Conclusion: NZXT Wants to Give You Everything

I think before the NZXT Phantom 820 was sent to me, that if you had told me NZXT was going to send me a first class enthusiast case that easily ranked among the best in performance, I would've been skeptical. They've had some hits (the Phantom 410 was actually a surprisingly adept little box), but performance has consistently been more middle-of-the-road.

That's changed completely with the Phantom 820.

NZXT has finally been able to marry features with performance in a very compelling way. Their latest offering is expensive, so if you're just looking for something to hold your hardware and perform reasonably well, this isn't going to be it. This is for the people who buy the big bling cases, the ones that are meant to guarantee superior thermal and acoustic performance, and it needs to be measured on those terms.

While I quibble with the mess of cables and the drive trays, I'm not convinced the side intake was necessary, I also have a hard time denying that the case does provide the end user with almost everything they could possibly ask for. The fan controller, configurable LED lighting, and integrated SD card reader are all great features that many users might have been forced to add on their own in another case. The fact that the fan controller has four independently configurable channels each capable of supporting up to three fans makes it a very robust solution that should produce satisfactory results for all but the most particular users.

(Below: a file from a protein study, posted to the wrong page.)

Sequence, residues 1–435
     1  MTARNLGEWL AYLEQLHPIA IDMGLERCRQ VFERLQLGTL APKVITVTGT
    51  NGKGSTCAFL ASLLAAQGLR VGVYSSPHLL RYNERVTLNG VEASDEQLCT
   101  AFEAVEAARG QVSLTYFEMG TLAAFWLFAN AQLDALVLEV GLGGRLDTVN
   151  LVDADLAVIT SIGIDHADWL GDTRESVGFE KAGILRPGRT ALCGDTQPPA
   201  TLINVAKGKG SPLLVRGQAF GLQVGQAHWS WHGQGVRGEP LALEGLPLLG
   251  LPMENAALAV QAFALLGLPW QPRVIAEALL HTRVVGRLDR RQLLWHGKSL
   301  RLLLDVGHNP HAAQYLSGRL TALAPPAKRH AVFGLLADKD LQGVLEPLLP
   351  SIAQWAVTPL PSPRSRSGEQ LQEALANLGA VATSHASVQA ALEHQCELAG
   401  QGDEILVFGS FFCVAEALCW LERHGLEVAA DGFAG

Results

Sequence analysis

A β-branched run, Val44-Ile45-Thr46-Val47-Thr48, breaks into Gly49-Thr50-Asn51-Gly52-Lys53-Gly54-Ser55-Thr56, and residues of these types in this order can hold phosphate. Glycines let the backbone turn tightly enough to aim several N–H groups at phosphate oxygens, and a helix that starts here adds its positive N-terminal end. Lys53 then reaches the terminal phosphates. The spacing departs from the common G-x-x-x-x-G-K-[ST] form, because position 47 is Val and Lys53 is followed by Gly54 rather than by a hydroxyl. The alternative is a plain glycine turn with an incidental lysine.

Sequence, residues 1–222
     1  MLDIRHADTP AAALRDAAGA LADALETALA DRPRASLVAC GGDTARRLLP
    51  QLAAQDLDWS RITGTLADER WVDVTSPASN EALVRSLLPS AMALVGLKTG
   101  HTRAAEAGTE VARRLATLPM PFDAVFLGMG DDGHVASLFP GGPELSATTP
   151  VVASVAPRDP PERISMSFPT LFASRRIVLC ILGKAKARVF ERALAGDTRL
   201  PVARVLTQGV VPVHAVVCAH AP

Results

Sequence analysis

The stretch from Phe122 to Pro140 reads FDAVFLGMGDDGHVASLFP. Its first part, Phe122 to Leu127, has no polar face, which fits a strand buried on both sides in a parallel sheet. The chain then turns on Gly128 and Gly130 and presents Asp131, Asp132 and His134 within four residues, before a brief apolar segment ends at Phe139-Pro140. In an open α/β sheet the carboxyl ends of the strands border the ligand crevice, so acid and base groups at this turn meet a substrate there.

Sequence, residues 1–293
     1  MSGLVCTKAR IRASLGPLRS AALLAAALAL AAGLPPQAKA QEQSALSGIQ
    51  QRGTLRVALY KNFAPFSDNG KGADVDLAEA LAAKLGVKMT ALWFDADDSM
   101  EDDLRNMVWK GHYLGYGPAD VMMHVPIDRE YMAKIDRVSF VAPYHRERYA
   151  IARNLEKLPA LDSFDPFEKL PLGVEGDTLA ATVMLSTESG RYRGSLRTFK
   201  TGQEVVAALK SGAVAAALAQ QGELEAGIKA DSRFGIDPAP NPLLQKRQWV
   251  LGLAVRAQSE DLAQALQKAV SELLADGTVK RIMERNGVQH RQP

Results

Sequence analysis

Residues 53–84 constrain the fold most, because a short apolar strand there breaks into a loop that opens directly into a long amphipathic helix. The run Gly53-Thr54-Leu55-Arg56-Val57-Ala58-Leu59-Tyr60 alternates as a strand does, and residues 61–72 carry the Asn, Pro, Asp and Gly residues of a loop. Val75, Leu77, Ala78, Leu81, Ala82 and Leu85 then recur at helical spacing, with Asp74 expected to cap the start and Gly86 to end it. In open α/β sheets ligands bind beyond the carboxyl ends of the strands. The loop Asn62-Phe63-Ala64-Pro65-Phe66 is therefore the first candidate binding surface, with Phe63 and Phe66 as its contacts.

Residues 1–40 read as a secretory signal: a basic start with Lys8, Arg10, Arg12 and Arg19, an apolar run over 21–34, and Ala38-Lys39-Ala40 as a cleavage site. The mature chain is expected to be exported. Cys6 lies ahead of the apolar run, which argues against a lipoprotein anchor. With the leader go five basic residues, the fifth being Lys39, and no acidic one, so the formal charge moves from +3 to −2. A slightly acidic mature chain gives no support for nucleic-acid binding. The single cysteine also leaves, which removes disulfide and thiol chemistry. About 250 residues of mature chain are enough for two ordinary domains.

Meanwhile, custom watercooling users should have a fairly happy time with enough space for either a 360mm or 280mm radiator in the top of the case along with a second 240mm or 280mm radiator in the bottom, and enterprising users can even add additional 140mm radiators to the back exhaust and the internal fan slot. That's a cumulative 920mm of radiator capacity, and that's ignoring the fact that there's actually z-height space for the radiators in the enclosure.

At $249 the NZXT Phantom 820 might still be a bit too expensive for a case that does use plastic in parts of the shell, but it goes a long way towards justifying itself with the mountain of features. I personally feel a price tag that high is starting to get too onerous for a case, but the performance and bonuses really are there. It's a great case with room to grow and if the price comes down it's going to be very hard to compete with. If you're looking for a big, powerful case, the Phantom 820 is tough to beat. It's only the price and few iffy design decisions that keep it from earning a better award, but I think a Bronze Editor's Choice is definitely appropriate for what NZXT has accomplished here. Well done.

Noise and Thermal Testing, Overclocked
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  • puppies - Monday, October 15, 2012 - link

    I actually disagree with just about everything you said in your post.

    No 40 year old business professional is going to be seen dead with this case, it is a "gamer" case through and through.